Who doesn’t love to romanticize the past, especially when we’re reading historical romance? We forgot about flushing toilets, dental floss, shampoo and conditioner, and food we can buy at a store. Well, Edie Whitecrow, my heroine from Born for This, book one in the Maizemerized series, is no different. She’s so obsessed with her Ojibway ancestors. So obsessed that her major in university is Indigenous studies. Edie’s mother hoped she’d outgrow the obsession, but the older Edie becomes, the more she needs to feed her obsession.
If anyone saw a corn maze where it shouldn’t be, I think we’d all stop to check it out—especially if there is a live scarecrow beckoning us to him. Mandaamin is the Corn Spirit of the Ojibway people, a powerful being who sacrificed himself long ago so the People could live and feed from the maize he offered. It is he who tells Edie to enter the maze and her biggest dream will come true.
I think we all know what Edie’s biggest dream is: to go back in time and witness her ancestors in their true environment.
I, along with three other author friends, kicked around the idea of a scarecrow and a corn maze that coincided with the spookiest night of the year—Halloween. This is the inspiration for my latest release. Being Ojibway, myself, and exclusively writing romance about Canada’s First People, I knew I could come up with something special that complemented my author brand. Thus, Born for This was…born.
Today, is release day. Yay. And you can purchase Born for This at eXtasy Books. While you’re there, take advantage of the sale happening until November 30, 2021. You can purchase my backlist (excludes new releases and book bundles) at 40% off.
Born for This – Maizemerized, Book One
She’s always been obsessed with her ancestors, and now he’s offering her a chance to live with them…forever.
Second-year university student Edie Whitecrow gobbles up each course on Indigenous studies. If only she could experience the lives of her Anishinaabe ancestors instead of reading about them. On her way to a Halloween party decked out as a historical Ojibway maiden, she spies a corn maze in a spot known to be barren.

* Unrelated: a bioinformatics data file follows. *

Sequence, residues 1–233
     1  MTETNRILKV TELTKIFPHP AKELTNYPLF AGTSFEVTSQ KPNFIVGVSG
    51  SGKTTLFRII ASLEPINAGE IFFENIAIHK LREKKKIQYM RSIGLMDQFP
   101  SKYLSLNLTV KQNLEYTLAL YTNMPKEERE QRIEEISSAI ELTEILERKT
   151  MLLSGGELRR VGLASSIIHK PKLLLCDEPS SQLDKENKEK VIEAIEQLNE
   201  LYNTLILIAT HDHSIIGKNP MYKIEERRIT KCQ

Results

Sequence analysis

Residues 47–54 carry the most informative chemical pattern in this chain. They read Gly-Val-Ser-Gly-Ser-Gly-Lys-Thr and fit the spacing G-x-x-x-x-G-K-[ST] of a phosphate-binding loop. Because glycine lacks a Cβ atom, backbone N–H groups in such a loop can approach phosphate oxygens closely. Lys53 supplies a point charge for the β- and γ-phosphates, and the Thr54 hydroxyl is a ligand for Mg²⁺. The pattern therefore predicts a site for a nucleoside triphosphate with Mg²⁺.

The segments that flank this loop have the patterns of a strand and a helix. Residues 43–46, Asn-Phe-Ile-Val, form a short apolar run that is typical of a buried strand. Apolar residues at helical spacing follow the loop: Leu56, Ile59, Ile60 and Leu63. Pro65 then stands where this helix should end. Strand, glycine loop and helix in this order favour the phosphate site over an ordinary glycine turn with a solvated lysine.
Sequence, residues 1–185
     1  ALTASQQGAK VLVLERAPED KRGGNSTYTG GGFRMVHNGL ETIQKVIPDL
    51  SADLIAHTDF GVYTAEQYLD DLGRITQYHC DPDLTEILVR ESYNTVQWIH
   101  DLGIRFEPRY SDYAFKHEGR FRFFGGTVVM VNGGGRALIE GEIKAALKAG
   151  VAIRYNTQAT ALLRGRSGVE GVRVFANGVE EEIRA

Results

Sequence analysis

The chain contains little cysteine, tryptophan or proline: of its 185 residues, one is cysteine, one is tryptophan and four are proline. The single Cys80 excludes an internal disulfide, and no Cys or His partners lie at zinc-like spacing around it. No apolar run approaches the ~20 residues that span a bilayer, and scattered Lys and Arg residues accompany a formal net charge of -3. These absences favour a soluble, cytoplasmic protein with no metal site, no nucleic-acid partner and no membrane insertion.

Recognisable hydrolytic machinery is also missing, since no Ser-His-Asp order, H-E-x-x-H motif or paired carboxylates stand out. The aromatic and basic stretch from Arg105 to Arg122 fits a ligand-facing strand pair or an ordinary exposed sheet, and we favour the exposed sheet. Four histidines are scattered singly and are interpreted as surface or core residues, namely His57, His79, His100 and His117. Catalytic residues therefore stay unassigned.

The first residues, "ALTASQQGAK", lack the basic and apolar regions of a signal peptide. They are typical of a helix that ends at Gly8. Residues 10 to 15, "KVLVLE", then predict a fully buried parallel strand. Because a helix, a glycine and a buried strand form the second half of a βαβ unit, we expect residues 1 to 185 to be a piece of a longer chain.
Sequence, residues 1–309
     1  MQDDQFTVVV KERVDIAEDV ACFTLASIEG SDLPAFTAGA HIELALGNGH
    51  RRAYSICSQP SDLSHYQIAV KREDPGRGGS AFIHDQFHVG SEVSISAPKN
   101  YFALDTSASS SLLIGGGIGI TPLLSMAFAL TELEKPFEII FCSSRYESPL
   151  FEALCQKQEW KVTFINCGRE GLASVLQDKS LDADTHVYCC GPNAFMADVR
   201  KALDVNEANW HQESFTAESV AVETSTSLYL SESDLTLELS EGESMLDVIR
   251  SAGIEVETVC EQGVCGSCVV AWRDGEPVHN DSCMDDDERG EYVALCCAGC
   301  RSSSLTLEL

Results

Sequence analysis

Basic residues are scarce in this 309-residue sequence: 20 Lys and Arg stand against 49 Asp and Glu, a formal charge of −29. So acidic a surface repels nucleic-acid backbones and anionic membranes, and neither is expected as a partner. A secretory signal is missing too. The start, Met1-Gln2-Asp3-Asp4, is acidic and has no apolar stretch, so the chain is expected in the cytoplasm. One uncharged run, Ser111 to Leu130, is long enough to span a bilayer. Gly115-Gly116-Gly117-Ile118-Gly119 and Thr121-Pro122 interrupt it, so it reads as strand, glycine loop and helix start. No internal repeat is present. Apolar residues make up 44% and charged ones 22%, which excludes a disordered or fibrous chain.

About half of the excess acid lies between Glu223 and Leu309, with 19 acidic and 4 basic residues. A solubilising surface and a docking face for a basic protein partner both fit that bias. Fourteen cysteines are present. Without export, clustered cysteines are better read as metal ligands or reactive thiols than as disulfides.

A scarecrow figure beckons Edie to enter with the enticing offer of making her biggest wish come true. She jumps at the chance and finds herself in the past, face to face with the man who haunts her dreams—the handsome brave Thunder Bear. He claims he’s spent twelve years waiting for Gitche Manidoo to send her to him.
Life in the eighteenth century isn’t what Edie romanticized about, though. When her conscience is tested, she must choose between the modern-day or the world of her descendants—where the man she was created for resides.
Excerpt from Born for This…
One headlight, probably from a motorcycle, appeared behind her. The weather was unusually warm for the end of October, but driving a bike at this time of the year was rather brave.
Edie adjusted her rearview mirror to block out the light, although the driver used his low beam. She also slowed to let him safely pass. Maybe he was a partygoer, making his way to the Halloween bash. Or he could’ve crossed the international bridge in Rainy River, an American coming from Baudette. Or he could be a Canadian approaching from the town of Fort Frances.
The engine of the bike didn’t possess the distinct sound of a Harley Davidson, nor did the sporting and athletic roar resemble the high squeal of the Asian-made racing machines. Whatever he drove was loud enough to cut into her music.
He was by her side. She stole a quick peek out the side window at a helmeted silhouette of black.
He also turned his head.
Déjà vu was a hidden being lurking in the backseat, its claws settling on Edie’s shoulders. For a moment, her heart stood still. The haunting dream since she was but a child unfurled through her brain—a strong hand possessing long fingers stretching to reach hers, and a man’s black, narrow eyes staring through the mist.
Edie swatted the air, shooing away the crazy thought. The guy on the motorcycle was simply passing her on the highway. But his continuous attention opened up a discomforting twitch at the back of her neck.
With a tilt of his helmet, he whizzed past her. The bike slid from the left lane and into the right. He was moving so fast that his taillight quickly vanished into the night. The man had better slow down. In the fall, deer tended to pop up out of nowhere.
Edie sank further in her seat and tapped her nail on the steering wheel. He couldn’t be a partygoer. From what she’d spied, there’d been no costume draping his masculine silhouette. Or maybe he was the man hidden in the mist, stretching his hand to hers, giving her a glimpse of his long nose, thin lips, and razor-cutting cheekbones.
Get real. If Mom snuck into your thoughts, for the bazillionth time, she’d tell you to get out of your imagination and quit thinking about the old days.
She bounced her left foot in beat to the song. Maybe Mom was right. Edie’s obsession with their ancestors must stop. Fat chance of that happening because her BA major was Indigenous Studies. Plus, what was wrong about wishing for a life amongst her relations from long ago?
The corner of her eye caught the moonlight shining down on a…corn maze.
Want to read more? Go ahead and purchase a copy at eXtasy Books.
About the Author
An Ojibway from Northwestern Ontario, Maggie resides in the country with her husband and their fur babies, two beautiful Alaskan Malamutes. When she’s not writing, she can be found pulling weeds in the flower beds, mowing the huge lawn, walking the Mals deep in the bush, teeing up a ball at the golf course, fishing in the boat for walleye, or sitting on the deck at her sister’s house, making more wonderful memories with the people she loves most.